As demonstrated in his earlier works ( Unbuilding , Pyramid , City and Caldecott Honor book Cathedral ), Macaulay has always been interested in showing how certain things work. This time, undaunted by the immensity of the task, he illustrates how everything works. From the simple nutcracker to the computer microprocessor, Macaulay uses his vivid sense of draftsmanship to delve into the workings of everyday objects, tools, machines, musical instruments and, well, everything in almost 400 pages. Each section begins with the writings of an imaginary prehistoric inventor, who explains ``the principles and workings of various Mechanical Machines brought to light during the Capture, Domestication, and subsequent Employment of the Great Wooly Mammoth.'' The escapades of the mammoth and the prehistoric engineers lead into accurate discussions of the physical principles that lie behind everyday objects. Simple machines like the inclined plane, the lever and the wheel and axle are illustrated by a lock and key, a pair of scissors and a dentist's drill. The book is a progressive journey; readers learn not only how things work but why things work. None of this alone would have made the work a Macaulay book, not without his unique architectural perspective on everything he shows. He draws even the tiniest items on a grand scale, populating some of these skyscraper-sized objects with tiny people, angels and even a few characters readers might recognize. The use of this scale gives the concepts a transparency not found in technical literature and a clarity and power seldom seen in similar books for the general reader (although some subjects, such as the jet engine, strain the limitations of the printed page, textually and visually). In the end, though, only Macaulay could have made equally accessible the workings of both the electric toaster and the fusion power generator. Highly recommended, not only for young readers, but for adults as well. All ages. (Oct.)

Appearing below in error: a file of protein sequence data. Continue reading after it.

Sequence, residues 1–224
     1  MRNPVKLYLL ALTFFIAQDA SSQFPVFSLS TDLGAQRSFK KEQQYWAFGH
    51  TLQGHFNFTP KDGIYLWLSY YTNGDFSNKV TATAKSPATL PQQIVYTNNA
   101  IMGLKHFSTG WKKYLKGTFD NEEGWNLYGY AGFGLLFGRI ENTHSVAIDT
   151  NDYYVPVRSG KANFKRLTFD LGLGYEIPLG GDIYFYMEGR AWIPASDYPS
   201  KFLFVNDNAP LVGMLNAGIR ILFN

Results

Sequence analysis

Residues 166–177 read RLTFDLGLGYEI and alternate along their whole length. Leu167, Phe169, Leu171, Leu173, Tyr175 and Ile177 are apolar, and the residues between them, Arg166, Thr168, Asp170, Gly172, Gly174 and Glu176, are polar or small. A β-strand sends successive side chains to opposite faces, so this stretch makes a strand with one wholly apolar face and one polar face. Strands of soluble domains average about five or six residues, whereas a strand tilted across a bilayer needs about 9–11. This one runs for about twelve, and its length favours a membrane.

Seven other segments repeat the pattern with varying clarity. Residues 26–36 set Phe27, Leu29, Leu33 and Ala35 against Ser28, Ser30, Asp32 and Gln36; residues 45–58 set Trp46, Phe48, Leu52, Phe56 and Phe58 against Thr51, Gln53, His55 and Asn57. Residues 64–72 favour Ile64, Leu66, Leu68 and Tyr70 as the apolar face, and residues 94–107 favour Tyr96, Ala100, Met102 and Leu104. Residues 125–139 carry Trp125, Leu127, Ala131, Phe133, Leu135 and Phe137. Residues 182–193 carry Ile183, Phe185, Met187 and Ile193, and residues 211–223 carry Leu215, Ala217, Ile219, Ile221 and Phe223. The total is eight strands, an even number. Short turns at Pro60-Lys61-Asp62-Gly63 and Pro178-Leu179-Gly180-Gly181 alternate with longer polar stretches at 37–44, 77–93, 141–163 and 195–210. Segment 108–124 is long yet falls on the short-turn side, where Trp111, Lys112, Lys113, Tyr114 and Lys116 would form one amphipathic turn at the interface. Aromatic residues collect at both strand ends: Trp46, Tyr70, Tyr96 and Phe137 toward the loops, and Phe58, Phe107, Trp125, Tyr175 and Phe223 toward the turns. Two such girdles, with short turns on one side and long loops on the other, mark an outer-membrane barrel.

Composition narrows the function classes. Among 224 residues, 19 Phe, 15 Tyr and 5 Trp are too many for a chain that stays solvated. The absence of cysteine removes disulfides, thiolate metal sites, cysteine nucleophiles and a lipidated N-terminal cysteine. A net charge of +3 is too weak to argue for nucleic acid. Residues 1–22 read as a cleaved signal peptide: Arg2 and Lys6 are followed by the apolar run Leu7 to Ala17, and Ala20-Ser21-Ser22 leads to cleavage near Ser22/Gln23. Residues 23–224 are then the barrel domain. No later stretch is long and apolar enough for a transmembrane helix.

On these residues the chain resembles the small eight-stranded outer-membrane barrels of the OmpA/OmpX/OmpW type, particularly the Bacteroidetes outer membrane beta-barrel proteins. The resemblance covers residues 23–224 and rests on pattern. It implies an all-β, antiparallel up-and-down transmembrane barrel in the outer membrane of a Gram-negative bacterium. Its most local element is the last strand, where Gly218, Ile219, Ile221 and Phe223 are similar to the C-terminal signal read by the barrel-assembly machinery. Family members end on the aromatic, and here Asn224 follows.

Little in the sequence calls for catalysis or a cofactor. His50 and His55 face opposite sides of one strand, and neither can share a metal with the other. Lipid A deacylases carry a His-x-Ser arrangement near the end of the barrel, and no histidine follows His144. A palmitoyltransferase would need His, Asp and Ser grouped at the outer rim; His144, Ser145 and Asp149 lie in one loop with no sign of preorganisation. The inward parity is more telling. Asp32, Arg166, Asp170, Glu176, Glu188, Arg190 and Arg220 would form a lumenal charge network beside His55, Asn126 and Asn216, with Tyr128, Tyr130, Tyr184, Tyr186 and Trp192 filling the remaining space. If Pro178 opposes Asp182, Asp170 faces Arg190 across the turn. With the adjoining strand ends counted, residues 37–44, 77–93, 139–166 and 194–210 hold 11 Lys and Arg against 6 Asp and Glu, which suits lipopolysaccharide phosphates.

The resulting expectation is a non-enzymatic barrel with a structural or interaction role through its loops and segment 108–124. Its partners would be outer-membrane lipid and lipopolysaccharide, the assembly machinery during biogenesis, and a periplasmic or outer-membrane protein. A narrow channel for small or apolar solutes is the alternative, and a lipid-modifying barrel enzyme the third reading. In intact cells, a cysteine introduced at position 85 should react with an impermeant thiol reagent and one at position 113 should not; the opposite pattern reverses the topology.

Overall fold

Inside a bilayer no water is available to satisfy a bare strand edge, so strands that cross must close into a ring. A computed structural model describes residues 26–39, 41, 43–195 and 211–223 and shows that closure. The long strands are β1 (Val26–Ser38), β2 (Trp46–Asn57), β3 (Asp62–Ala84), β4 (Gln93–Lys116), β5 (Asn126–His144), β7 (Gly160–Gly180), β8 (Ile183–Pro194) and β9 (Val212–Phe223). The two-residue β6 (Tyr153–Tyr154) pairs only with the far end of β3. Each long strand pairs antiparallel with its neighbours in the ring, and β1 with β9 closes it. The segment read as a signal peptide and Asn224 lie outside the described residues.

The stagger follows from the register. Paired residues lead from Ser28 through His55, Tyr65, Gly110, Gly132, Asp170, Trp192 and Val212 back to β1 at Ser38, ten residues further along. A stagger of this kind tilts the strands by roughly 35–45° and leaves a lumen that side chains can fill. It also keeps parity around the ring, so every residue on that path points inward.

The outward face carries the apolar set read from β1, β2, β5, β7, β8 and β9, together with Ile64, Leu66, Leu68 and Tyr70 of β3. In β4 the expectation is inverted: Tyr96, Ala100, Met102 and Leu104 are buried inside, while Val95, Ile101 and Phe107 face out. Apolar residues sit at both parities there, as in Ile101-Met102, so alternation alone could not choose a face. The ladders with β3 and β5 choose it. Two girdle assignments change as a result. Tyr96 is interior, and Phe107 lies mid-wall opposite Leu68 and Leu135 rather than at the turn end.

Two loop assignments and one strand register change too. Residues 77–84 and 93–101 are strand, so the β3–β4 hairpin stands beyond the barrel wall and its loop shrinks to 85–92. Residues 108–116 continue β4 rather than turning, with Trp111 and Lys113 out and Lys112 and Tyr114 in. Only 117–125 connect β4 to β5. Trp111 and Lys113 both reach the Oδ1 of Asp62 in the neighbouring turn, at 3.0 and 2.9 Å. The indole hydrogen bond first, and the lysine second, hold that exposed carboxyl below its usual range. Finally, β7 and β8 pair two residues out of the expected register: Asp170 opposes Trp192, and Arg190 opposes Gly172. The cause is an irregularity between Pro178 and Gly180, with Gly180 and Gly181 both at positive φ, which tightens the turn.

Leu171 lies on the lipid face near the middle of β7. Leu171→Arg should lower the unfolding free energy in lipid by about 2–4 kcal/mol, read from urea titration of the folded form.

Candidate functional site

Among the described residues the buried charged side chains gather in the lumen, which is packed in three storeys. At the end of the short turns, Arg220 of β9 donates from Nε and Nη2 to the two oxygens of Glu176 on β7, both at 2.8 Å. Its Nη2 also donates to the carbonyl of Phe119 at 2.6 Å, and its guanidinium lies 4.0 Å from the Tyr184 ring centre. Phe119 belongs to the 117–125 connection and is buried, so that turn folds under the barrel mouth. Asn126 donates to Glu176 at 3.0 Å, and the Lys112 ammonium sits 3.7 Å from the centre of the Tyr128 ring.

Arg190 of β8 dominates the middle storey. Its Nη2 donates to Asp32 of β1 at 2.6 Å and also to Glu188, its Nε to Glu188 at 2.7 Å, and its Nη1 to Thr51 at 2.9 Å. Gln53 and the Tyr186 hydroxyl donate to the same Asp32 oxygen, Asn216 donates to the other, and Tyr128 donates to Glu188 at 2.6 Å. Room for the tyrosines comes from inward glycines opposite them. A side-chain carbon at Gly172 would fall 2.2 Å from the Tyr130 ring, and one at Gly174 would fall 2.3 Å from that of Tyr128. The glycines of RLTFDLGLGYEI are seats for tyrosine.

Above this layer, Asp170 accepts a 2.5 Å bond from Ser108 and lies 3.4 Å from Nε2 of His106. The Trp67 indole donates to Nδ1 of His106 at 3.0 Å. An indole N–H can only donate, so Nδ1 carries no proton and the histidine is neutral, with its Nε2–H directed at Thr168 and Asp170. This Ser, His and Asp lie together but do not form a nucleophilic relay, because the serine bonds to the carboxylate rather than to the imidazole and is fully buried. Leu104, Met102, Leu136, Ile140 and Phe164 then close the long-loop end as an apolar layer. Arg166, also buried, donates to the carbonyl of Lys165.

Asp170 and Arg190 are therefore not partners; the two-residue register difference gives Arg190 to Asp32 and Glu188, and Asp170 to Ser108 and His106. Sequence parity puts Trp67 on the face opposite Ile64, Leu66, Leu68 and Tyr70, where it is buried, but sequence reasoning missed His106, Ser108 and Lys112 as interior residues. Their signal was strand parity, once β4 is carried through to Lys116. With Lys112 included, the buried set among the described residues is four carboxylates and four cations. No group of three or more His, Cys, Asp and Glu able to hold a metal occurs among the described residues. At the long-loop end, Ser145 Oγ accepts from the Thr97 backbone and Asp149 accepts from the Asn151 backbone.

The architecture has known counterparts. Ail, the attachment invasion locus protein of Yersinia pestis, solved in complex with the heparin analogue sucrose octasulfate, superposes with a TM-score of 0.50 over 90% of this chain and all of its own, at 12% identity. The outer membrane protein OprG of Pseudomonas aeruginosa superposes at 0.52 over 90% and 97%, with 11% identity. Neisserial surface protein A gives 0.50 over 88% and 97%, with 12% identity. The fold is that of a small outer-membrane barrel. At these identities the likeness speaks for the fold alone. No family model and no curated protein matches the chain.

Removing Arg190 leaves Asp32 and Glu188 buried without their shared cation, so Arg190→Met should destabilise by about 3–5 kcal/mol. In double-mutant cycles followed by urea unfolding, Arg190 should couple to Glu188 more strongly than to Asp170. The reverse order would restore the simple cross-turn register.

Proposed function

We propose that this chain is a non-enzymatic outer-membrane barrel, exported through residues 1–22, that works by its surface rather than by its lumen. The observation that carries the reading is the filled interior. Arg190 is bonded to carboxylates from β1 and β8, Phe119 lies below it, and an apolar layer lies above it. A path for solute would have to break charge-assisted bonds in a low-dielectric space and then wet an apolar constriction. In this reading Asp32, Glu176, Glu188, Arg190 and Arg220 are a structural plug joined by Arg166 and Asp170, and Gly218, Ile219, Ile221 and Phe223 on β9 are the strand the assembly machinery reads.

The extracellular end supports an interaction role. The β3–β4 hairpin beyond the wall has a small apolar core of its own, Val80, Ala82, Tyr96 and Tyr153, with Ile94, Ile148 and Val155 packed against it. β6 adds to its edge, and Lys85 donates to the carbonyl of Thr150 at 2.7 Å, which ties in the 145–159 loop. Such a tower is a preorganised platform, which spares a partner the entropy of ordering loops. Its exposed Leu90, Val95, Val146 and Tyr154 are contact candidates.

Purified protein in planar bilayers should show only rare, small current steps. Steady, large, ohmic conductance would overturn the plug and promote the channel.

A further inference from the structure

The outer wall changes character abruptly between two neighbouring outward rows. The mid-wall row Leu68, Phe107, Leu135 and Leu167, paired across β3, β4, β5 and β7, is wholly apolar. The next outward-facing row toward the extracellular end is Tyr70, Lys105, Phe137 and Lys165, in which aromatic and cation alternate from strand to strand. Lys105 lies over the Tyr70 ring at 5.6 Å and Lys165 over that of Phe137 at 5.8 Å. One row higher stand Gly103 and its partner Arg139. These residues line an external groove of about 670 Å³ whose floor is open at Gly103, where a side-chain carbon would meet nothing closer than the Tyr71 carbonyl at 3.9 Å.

Gr 4-6 This is a how-to-be-haunted manual for aspiring junior ghostbusters. Written with a mixture of seriousness and chuckles reminiscent of campfire ghost story sessions, the book describes several different kinds of ghosts that a ghost hunter might encounter, and suggests places where the ghosts might be found. Deem also provides tips on how to conduct a ghost investigation. He includes a sample form for recording other worldly experiences, and even an address to send in ghost hunting experiences. The book is filled with ``true ghost accounts,'' told with the same blend of smiles and shivers. More lighthearted than Daniel Cohen's ghost books, such as America's Very Own Ghosts (Dodd, 1985), this will be welcomed by middle-grade ghost fanciers. Elaine E. Knight, Lincoln Elementary Schools, Ill.